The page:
• Ensure Clarity: The sage philosopher Yogi Berra opined, “You’ve got to be very careful if you don’t know where you are going, because you might not get there.” With this in mind, make sure the attorney’s presentations are consistent with the theme of the case. Share only the essential facts and details because the minutia will overwhelm the jurors. Help the attorney reduce the presentation to the key points and somehow compress it into a tiny package that will inform and touch the jurors.
  • Ruthlessly Edit: Your attorney might want to heave a blizzard of information at the jurors and expect them to hack through the thicket of complex details associated with your case in order to grasp the key elements. This is typically unproductive, particularly where the evidence or testimony will be confusing and technical. Keep the attorney focused, and make sure he or she gives the jurors a clear road map. The most memorable and persuasive presentations are powerful because the message was clear, the language was precise and the storytelling was logical and compelling.
  • Practice: In the final stages of trial preparation, help the attorney hone the presentations with practice. Videotape the presentations, and help the attorney identify problems or distractions and refine points. Study and polish every aspect of the delivery, including timing, pacing, pausing, vocal variety, gestures, movements and eye contact. Critically analyze the presentations and identify any distracting habits. Does your attorney tightly cling to the lectern, mumble, speak without enthusiasm or vocal energy, stare at the floor or the visual aid, or nervously shuffle to dissipate energy? Help the attorney identify and eliminate any aspect of the presentation that diminishes its impact.

Step 8

Don’t Overlook the Details
Visit the courtroom before trial if possible. Identify details that will provide an advantage to your team, such as line of sight for the jurors, the witnesses and the judge; where you will position your visual aids and documents; and layout of the courtroom and the courthouse area (where to park, where to eat, the locations of the electrical switches, the restrooms, and so forth). Do everything possible to eliminate all uncertainty about details that might contribute to additional stress for your team.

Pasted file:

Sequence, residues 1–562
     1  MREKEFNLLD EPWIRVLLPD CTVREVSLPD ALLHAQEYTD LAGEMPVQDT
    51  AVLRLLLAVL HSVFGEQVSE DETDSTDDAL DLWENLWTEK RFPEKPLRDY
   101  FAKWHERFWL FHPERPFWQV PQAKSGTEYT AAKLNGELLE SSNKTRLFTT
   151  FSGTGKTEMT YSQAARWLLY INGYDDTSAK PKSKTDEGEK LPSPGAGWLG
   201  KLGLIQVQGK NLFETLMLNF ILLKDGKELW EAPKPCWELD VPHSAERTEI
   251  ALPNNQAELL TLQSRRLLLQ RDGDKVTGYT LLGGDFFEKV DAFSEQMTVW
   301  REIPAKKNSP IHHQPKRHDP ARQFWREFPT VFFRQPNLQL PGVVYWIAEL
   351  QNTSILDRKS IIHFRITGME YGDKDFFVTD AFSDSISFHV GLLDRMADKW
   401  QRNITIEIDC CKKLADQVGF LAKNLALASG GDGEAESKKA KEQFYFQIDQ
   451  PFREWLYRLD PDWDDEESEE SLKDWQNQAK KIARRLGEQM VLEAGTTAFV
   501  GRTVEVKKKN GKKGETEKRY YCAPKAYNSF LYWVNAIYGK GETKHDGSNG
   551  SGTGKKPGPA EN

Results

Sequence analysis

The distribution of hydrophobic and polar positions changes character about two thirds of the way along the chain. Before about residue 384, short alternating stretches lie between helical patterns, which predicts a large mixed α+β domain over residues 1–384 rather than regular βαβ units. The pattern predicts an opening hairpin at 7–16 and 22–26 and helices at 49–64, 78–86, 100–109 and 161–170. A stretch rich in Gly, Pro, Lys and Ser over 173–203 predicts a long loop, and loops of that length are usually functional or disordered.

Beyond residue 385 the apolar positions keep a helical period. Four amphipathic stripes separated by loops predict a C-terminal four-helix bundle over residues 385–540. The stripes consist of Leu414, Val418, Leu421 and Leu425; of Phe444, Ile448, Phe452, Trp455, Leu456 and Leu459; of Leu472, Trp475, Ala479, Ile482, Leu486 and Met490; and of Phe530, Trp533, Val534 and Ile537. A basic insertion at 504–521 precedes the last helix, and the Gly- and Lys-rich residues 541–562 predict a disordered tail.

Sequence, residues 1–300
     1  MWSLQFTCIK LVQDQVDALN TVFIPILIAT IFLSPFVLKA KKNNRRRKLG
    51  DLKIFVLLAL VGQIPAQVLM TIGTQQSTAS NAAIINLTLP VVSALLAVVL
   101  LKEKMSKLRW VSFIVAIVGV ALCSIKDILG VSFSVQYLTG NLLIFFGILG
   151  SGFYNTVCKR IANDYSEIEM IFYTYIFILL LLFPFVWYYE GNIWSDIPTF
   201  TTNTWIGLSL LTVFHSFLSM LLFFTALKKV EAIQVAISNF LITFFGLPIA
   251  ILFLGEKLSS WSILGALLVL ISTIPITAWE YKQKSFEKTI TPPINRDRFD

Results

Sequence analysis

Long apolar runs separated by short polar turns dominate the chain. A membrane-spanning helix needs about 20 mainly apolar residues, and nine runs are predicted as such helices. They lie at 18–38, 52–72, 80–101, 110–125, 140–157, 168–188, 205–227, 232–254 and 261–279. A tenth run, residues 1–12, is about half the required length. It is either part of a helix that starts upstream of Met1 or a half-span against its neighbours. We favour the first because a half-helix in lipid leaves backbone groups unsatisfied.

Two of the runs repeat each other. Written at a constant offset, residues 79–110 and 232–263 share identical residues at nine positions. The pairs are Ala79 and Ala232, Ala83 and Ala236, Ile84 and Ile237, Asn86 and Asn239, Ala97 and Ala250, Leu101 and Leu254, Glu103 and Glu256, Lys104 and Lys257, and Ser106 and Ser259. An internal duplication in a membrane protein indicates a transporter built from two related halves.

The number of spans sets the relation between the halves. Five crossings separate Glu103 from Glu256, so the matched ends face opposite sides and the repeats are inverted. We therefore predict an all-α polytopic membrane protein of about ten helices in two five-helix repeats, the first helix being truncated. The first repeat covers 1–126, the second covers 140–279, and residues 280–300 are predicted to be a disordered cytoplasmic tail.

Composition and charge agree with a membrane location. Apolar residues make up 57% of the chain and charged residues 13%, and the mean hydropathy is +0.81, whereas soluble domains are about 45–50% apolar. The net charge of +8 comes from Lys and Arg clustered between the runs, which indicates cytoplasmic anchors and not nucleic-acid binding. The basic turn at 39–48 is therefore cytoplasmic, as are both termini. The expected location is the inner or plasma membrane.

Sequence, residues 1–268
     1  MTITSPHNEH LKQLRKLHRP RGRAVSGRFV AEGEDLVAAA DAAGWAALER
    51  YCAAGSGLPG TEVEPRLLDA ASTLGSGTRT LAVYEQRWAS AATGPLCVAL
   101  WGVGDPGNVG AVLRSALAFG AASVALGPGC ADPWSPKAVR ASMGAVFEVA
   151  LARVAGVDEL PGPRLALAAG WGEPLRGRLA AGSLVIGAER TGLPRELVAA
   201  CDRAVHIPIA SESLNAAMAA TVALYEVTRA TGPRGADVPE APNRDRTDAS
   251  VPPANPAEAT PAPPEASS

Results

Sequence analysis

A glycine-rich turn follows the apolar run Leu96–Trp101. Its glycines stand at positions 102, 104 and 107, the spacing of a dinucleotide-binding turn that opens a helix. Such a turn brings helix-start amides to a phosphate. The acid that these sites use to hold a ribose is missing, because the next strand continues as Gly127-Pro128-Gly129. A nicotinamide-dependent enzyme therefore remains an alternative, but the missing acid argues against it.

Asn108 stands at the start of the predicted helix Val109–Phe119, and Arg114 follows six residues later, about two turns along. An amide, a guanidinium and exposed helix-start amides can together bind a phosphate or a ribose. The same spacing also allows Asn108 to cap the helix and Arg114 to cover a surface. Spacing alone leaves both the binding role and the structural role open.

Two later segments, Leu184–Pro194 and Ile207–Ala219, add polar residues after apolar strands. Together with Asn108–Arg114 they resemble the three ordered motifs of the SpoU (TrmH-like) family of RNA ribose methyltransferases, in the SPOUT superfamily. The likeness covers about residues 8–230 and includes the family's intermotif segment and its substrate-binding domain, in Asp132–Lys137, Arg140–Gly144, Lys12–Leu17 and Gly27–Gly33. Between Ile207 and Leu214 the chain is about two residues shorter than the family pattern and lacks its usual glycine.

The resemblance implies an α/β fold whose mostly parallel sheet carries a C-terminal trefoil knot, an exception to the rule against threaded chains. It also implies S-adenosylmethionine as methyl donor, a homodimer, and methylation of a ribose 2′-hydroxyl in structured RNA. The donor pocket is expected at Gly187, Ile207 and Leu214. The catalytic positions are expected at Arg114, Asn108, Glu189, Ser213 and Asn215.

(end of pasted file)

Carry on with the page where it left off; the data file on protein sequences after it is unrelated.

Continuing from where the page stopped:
Step 9

Be Calm and Confident
Be the calm in the storm. Act confident in dealing with the trial attorney, your support team, the courtroom personnel and members of the opposing team. Speak with conviction and confidence. Don’t cower or badger. Your team and your client will be best served if you offer insights and constructive suggestions. Ultimately, your objective is to win the case; every successful attorney recognizes this is a team effort, a concept requiring unusual confidence, maybe even courage, if your attorney is particularly tyrannical in the heat of battle. If handled diplomatically, you are the attorney’s indispensable aid, and your contributions to the ultimate success of the trial are indeed invaluable.

Paralegals indisputably play a critical role in the courtroom drama. While much of your work is preformed out of the limelight, it’s nonetheless essential to the ultimate success of the case. There is no substitute for detailed preparation, a precise plan and regular follow up. Trials are won, and lost, based on the thoroughness of the paralegals’ preparation. Help your attorney prepare for the moment on the stage, and when that favorable verdict is announced, you will know you made a huge contribution.

David J. Dempsey, Esq., is a practicing trial attorney and general partner in the Atlanta law firm of Coleman & Dempsey, a professor of public speaking at Oglethorpe University in Atlanta, and the author of “Legally Speaking: 40 Powerful Presentation Principles Lawyers Need to Know” (Miranda Publishing, 2002). He can be reached through www.legallyspeakingonline.com or (800) 729-2791.

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Updated 02/23/07